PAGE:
cob house
This article is available also in Spanish here

Exploring the concept of cob houses: longevity, legality, electricity, and thermal insulation

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Author | Lucía Burbano

Although they may look like little houses that belong in a fairy tale or Frodo’s house in ‘The Lord of the Rings’, cob houses recover ancient construction materials to fly the flag for an architectural movement based on bioconstruction and sustainability.

COB: building with clay, sand and straw

The term cob essentially refers to three natural materials used in construction: clay, sand and straw which, once mixed together, produce buildings with interesting features in terms of habitability and cost reduction.

Temperature regulating properties

cob houses 2

This mixture produces thick walls that manage to regulate the interior temperature thanks to their capacity to absorb high and low temperatures. The result is very stable interior room temperatures, without the great fluctuations seen in conventional buildings.


Some cob houses were built hundreds of years ago and are still standing today. Many of them are covered with straw bales half a meter deep or more, which helps them to withstand extreme weather conditions. However, to avoid long-term humidity it is advisable to use lime plaster to cover the exterior and add an extra protective layer.

They are healthy

The materials used are highly breathable, which results in improved, clean and fresh air quality. The only thing that needs to be monitored are the interior humidity levels.

Building a COB house

cob houses 3

Despite the clear DIY nature of COB houses, building one does not just consist of mixing the aforementioned materials. As it is a home, licenses need to be obtained from the local authorities and certain standards need to be followed, which are practically identical to those that apply to normal buildings (drawing up plans, preparing the land, foundations, etc.).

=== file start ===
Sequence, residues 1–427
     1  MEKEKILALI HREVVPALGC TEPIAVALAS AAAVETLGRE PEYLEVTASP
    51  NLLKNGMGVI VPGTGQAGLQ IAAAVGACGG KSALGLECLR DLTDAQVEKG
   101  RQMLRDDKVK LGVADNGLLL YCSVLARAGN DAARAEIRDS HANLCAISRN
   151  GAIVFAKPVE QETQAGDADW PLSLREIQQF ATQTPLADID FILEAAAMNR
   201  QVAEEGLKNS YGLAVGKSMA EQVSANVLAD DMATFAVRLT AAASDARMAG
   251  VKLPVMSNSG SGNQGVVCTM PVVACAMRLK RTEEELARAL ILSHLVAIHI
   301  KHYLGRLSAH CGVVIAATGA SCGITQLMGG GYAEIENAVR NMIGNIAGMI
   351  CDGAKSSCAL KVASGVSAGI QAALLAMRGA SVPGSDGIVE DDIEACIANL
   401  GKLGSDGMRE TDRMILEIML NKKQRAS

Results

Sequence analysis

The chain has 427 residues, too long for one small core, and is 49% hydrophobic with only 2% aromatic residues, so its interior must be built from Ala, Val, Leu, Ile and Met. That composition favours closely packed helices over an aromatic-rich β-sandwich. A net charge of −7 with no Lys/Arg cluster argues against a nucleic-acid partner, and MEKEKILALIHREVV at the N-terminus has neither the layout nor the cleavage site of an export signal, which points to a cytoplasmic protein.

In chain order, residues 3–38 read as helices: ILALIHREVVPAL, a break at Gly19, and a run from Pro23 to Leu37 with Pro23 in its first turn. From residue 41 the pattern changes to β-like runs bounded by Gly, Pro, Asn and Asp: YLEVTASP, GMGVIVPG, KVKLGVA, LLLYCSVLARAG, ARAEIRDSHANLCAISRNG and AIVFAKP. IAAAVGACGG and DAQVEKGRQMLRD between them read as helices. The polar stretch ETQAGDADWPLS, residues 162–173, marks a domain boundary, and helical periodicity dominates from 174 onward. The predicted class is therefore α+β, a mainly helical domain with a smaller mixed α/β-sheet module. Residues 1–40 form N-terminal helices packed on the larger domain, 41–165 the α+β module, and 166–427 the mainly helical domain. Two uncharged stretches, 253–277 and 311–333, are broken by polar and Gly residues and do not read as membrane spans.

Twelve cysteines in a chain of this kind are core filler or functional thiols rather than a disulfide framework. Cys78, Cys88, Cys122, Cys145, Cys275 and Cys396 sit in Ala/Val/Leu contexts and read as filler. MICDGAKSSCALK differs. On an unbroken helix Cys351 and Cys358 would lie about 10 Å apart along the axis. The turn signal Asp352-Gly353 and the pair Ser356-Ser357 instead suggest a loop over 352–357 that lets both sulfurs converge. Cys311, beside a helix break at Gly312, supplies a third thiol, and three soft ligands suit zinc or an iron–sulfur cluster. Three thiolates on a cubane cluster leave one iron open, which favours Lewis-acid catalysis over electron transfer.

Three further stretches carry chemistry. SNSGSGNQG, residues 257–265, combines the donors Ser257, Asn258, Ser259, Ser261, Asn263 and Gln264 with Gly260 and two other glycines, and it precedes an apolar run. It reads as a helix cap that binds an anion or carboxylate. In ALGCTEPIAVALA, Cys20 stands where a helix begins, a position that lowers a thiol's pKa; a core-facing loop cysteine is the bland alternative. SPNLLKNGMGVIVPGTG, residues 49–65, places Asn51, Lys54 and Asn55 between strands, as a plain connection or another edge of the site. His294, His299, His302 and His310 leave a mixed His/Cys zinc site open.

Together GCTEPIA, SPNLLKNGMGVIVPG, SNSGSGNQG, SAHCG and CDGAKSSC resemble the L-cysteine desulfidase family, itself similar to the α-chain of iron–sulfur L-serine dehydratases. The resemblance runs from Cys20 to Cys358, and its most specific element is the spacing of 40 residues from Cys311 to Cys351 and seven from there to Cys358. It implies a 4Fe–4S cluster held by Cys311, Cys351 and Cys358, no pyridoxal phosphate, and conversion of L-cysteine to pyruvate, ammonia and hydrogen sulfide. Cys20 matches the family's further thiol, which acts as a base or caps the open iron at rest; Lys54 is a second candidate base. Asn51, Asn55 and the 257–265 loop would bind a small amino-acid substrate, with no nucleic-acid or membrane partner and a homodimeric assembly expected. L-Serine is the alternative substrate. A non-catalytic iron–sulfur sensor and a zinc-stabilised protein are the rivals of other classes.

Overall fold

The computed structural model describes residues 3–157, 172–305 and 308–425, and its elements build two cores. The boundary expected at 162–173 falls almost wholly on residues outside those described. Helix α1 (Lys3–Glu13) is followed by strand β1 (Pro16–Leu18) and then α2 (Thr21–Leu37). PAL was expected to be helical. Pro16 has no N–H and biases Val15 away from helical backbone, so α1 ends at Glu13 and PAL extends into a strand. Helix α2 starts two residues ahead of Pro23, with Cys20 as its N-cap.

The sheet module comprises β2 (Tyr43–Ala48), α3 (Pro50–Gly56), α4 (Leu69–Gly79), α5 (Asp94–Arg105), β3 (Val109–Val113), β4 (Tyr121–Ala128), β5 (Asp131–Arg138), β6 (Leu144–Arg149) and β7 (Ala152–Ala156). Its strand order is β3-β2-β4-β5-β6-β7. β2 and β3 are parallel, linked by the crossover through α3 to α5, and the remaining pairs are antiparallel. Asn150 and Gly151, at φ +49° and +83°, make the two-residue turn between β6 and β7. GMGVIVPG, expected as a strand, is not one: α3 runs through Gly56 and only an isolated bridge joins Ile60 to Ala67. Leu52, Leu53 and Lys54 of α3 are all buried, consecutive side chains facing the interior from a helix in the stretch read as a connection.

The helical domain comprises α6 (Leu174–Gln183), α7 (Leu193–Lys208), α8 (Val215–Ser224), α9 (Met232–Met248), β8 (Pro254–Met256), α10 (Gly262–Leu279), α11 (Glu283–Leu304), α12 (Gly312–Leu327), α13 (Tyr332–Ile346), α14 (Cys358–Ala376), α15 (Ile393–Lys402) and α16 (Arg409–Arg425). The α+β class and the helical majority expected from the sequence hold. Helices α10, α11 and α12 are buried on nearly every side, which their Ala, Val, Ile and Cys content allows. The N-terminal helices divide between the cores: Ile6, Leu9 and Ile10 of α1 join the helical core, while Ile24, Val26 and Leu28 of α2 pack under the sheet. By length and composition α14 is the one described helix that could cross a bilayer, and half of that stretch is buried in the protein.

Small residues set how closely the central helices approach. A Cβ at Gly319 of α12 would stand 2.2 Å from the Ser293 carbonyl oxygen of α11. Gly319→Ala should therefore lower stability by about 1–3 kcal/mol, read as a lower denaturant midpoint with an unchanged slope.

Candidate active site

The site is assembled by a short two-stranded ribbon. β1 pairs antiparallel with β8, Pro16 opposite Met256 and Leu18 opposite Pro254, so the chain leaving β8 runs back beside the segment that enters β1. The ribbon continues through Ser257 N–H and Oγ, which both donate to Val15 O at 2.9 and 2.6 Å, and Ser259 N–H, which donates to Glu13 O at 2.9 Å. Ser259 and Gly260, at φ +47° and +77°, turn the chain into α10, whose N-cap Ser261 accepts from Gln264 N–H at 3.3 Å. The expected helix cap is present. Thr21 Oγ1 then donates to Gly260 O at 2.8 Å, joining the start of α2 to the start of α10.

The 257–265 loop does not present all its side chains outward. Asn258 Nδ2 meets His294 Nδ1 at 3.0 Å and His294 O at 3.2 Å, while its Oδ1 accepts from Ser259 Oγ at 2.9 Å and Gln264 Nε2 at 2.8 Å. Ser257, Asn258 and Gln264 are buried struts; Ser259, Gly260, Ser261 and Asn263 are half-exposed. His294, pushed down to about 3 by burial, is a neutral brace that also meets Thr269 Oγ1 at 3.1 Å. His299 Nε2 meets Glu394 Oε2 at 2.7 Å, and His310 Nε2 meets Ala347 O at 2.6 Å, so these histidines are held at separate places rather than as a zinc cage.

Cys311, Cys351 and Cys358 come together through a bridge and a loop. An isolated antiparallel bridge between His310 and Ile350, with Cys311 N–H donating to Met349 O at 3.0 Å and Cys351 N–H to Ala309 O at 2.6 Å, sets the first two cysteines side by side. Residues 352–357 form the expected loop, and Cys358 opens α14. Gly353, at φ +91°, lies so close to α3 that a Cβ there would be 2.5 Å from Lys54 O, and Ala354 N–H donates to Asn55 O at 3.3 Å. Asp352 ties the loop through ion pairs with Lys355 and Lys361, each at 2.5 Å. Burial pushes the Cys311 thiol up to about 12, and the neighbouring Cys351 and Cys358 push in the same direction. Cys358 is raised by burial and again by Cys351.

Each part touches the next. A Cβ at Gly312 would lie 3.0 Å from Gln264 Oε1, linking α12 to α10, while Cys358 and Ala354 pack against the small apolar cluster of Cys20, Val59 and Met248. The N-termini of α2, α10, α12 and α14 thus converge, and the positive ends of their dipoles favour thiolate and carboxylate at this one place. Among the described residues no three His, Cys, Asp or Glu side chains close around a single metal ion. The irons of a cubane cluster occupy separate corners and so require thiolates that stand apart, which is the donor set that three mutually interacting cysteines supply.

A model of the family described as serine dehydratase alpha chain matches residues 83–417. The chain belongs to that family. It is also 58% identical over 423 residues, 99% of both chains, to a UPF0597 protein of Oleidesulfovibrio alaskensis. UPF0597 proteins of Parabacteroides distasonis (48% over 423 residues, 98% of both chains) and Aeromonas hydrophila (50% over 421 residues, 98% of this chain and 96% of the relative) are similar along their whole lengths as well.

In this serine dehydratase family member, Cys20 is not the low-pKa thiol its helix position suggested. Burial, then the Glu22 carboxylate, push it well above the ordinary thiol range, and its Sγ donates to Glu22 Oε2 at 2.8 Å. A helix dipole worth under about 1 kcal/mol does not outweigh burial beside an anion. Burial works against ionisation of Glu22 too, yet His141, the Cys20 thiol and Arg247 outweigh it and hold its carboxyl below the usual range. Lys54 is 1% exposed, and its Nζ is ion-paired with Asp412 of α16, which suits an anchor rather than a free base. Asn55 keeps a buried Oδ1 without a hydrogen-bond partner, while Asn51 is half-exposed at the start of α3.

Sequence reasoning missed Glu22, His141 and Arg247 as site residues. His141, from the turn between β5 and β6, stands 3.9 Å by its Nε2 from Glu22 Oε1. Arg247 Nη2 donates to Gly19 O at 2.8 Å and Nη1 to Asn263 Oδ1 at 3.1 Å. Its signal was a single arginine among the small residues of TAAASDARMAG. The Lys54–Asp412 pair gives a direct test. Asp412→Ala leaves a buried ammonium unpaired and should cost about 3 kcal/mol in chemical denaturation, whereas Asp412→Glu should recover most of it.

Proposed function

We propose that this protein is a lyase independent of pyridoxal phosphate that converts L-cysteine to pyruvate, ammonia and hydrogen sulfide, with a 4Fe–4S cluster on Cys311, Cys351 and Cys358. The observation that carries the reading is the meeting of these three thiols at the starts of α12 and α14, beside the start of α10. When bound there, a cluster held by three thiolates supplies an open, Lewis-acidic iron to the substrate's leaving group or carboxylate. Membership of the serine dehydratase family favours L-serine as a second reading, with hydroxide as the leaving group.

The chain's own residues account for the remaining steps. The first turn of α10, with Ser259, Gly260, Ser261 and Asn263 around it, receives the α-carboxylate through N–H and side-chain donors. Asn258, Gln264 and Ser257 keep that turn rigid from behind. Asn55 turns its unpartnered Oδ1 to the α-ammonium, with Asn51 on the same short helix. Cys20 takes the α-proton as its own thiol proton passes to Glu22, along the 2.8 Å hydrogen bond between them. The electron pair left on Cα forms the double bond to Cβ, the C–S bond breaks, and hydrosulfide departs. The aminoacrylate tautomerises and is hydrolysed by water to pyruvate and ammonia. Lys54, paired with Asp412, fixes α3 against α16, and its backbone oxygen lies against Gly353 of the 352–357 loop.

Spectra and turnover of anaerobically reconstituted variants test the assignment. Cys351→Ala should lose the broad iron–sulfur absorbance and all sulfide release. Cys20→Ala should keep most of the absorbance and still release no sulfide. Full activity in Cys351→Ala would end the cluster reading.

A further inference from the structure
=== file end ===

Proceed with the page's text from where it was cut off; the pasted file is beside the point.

Cob constructions are also monolithic. Instead of the walls being composed of thousands of individual bricks, a cob wall is more like one single giant brick. Summarized, building a cob house involves the following steps:

First, the foundations

cob houses 4a

During this process, concrete or stones can be used to protect the lower part of the structure from potential humidity.

Preparing the cob mixture

To achieve the adobe, mix 2 parts clay soil to 1 part wet sand. Once the desired consistency is reached, add a fine layer of straw to form a ball that does not flatten or stick.

By layers

Using a wooden structure or bamboo canes, start applying the COB mixture from bottom to top, allowing the lower layers to dry first. We recommend building them in spring or summer to avoid environmental moisture.

Examples of cob houses and variations

cob houses 4

Popular in South West of England during the Middle Ages, there are examples all around the world, from the Arabian peninsula, to India, Africa or in Southwestern United States.

Although the classic building style with curved lines in traditional structures is the most well-known (and in fact, numerous buildings can be found in tourist guides in the United Kingdom), and in fact it continues to define the new homes being built following this technique), the architecture of cob houses can also be seen in modern buildings such as the offices of the construction firm Sota Construction Services in Pittsburgh, United States, which combines state-of-the-art technology and a modern design with this traditional technique to achieve an extremely efficient building.

Lastly, there are other variations of cob houses such as ‘Earthship’, a style created by Michael Reynolds. The term refers to a type of low-impact building, made with recycled and totally sustainable materials. A curious feature of these houses is that they include glass bottles in the walls. This really is an example of recycling and circular economy taken to the extreme.

Photographs | Wikimedia commons, Flickr/Kobapan, Sota Construction Services, Kevin McCabe

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